2015 Fontodi Chianti Classico

SKU #1408626 95 points James Suckling

 The purity of fruit here really makes an impression on you. The nose shines with freshly picked blackcurrants, dark plums, freshly cut herbs, cinnamon, raspberry cheesecake, glazed cherries, orange and lemon rind. The palate is so well-crafted with a silky ball of tannins surrounded by layers of blue and red fruit and enveloping acidity. A long finish. From organically grown grapes.  (6/2018)

93 points Decanter

 100% Sangiovese, fermented in stainless steel and matured for 24 months in French oak barriques. This is one of Tuscany’s under-the-radar wines, as Giovanni Manetti treats this classico as a riserva in all but name. A cool, elegant, built-to-last style, which has all the hallmarks of great claret. (AH)  (1/2019)

93 points Vinous

 The 2015 Chianti Classico is outrageously beautiful. Rich and seductive, the 2015 expresses the radiance of the year while retaining a good bit of translucence and energy. Rose petal, mint, white pepper and crushed flowers add elements of brightness to this classy, super-polished Chianti Classico. More than anything else, though, I am simply blown away by the wine's quality. A decade ago, Giovanni Manetti made darker more concentrated wines. Today, the Fontodi wines speak to finesse. The Chianti Classico is a great place to see that. It was aged in equal parts cask and neutral barrique. (AG)  (2/2019)

93 points Wine Spectator

 Rich, packed with cherry, leather, dark chocolate and wild herb aromas and flavors. Dense and vibrant, with a long, mouthwatering finish that picks up a graphite edge. Best from 2020 through 2032. (BS)  (10/2018)

91 points Robert Parker's Wine Advocate

 This is a great vintage for Sangiovese, and Fontodi embraces this fact with exuberance and enthusiasm. The 2015 Chianti Classico offers tight and precise fruit characteristics with crisp forest berry, cassis and dried blueberry. The wine is profoundly steady and straight with absolutely no rough edges. This is a lean to mid-weight red with balanced acidity tucked in on the finish. (ML)  (10/2018)


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Price: $35.99
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Varietal:

Sangiovese

- The most widely planted grape in Italy is Sangiovese, a high-acid grape with moderate to high tannins, apparent earthiness and subtle fruit. It is thought to have originated in Tuscany and its name, which translates to "blood of Jove," leads historians to believe it may date all the way back to the Etruscan period, though historical mentions only go as far back as the early 1700s. Though planted all over modern Italy, the most significant wines made from Sangiovese still come from Tuscany: Chianti and Brunello di Montalcino. Sangiovese must make up 75% of a blend from the Chianti DOCG t be labeled as such, traditionally allowing for Canaiolo, Trebbiano and Malvasia for the remainder, though more recently small proportions of Cabernet Sauvignon or Merlot have been allowed. In Brunello di Montalcino the wine must be made entirely of Sangiovese. Prugnolo is Montepulciano's name for Sangiovese, and it is used there for the Vino Nobile di Montepulciano wines. In the DOC of Carmignano Sangiovese can be blended with 20% Cabernet Sauvignon. There are also Super Tuscans, IGT wines that blend Sangiovese with large proportions of Cabernet or Merlot. Elsewhere in Italy it is a workhorse grape, though it does find some success (though not the longevity) in the Montefalco and Torgiano wines of Umbria as well as the foundation of Rosso Piceno and a significant element of Rosso Conero from the Marches. Like Nebbiolo, Sangiovese has struggled to find footing outside of Italy, though in recent years California wineries have been having better fortune with grape plantings in the Sierra Foothills/El Dorado County, as well as Sonoma County and the Central Coast.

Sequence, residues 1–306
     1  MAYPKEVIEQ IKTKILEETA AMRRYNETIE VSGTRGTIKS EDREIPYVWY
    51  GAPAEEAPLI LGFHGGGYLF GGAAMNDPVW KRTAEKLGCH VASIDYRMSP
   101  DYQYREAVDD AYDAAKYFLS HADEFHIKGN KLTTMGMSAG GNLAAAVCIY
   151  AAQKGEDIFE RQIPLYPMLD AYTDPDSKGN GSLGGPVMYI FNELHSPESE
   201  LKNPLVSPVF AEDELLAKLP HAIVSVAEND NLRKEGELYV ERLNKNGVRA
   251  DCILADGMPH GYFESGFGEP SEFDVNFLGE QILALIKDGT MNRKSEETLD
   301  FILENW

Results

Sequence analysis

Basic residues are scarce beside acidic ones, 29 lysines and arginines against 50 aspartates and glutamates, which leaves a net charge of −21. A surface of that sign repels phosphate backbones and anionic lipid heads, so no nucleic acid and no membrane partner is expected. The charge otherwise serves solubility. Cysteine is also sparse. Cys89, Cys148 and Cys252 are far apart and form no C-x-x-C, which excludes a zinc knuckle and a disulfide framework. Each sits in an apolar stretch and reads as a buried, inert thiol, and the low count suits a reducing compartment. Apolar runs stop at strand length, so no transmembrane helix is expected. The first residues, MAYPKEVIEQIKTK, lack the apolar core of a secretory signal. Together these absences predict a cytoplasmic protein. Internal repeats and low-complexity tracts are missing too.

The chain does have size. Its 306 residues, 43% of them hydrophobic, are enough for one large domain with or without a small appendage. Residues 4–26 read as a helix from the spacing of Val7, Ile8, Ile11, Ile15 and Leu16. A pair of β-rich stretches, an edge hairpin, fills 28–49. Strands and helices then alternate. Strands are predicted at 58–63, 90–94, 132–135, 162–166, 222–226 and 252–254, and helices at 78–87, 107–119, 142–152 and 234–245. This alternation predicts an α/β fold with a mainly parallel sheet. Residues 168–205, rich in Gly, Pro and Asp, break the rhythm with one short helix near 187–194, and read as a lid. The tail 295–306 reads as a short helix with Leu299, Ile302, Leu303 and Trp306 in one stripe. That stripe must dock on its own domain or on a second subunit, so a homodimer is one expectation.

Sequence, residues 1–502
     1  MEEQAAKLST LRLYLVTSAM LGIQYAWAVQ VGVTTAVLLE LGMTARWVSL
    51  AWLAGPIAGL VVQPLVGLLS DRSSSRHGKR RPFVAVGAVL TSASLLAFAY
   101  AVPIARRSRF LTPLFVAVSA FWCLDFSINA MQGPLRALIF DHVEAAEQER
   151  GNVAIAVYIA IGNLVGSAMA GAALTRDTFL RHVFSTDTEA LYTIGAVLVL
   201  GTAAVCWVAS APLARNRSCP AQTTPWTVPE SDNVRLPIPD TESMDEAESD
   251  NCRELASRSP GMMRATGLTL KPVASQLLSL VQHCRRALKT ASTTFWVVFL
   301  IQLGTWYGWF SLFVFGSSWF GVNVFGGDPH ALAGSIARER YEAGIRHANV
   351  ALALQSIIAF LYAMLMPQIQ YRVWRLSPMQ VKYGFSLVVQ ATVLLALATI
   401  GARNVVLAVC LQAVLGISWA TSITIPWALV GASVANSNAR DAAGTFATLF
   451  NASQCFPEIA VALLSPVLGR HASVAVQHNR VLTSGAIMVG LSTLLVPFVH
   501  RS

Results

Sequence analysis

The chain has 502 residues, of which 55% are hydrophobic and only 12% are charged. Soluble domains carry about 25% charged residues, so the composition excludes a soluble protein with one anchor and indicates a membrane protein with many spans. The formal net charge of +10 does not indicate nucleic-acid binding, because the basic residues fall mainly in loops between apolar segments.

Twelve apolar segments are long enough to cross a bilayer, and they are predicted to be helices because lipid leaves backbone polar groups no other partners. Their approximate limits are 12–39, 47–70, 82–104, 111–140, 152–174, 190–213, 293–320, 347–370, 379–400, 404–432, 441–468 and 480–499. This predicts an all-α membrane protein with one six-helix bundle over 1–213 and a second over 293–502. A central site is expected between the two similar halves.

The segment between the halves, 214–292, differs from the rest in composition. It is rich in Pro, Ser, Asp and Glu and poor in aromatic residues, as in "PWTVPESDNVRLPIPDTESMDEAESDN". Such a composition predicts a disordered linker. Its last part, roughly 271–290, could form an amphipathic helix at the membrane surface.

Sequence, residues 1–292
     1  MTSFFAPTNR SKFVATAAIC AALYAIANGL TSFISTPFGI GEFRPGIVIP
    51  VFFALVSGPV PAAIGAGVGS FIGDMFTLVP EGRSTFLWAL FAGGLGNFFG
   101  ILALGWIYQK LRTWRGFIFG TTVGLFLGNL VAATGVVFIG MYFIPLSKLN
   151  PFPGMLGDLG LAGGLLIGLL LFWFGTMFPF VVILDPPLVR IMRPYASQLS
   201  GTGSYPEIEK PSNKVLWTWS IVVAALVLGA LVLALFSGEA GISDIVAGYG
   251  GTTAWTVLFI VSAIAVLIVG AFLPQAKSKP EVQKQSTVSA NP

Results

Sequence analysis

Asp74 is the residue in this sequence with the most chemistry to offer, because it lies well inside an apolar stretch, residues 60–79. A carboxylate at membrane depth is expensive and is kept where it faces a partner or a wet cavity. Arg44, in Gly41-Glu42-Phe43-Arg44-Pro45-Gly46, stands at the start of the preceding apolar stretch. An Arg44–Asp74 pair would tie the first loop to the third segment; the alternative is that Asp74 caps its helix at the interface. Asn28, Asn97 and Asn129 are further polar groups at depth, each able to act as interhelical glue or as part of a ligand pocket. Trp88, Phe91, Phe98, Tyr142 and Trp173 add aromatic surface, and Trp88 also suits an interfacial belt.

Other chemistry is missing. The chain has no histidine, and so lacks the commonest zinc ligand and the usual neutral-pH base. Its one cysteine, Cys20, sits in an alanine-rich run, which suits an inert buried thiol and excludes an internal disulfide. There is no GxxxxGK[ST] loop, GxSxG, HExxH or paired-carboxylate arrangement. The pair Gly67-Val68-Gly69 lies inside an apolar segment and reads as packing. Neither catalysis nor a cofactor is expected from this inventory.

Country:

Italy

- Once named Enotria for its abundant vineyards, Italy (thanks to the ancient Greeks and Romans) has had an enormous impact on the wine world. From the shores of Italy, the Romans brought grapes and their winemaking techniques to North Africa, Spain and Portugal, Germany, France, the Danube Valley, the Middle East and even England. Modern Italy, which didn't actually exist as a country until the 1870s, once produced mainly simple, everyday wine. It wasn't until the 1970s that Italy began the change toward quality. The 1980s showed incredible efforts and a lot of experimentation. The 1990s marked the real jump in consistent quality, including excellence in many Region that had been indistinct for ages. The entire Italian peninsula is seeing a winemaking revolution and is now one of the most exciting wine Region in the world.
Sub-Region:

Tuscany

Specific Appellation:

Chianti

- Chianti is the most famous wine name in Italy is not the name of a grape but actually a region. Chianti lies in the 35 miles of hills between Florence and Siena, a complex geological region as well as geographically. The extraordinary geography makes grape growing a very challenging feat with multiple exposures and soil types on the same estate. The region comprises 9 different communes not dissimilar to Bordeaux wherein each commune has a particular characteristic that shows in the wine. The wine is made predominantly Sangiovese, the grape must comprise at least 80% of the blend. Chianti Classico is the "classic" region, though many other nearby regions now use the name "Chianti" to make similar wines. The "Gallo Nero" or Black Rooster on many of the Chianti Classico bottles is a private consortium of producers who try and control the direction of production and quality amongst their members.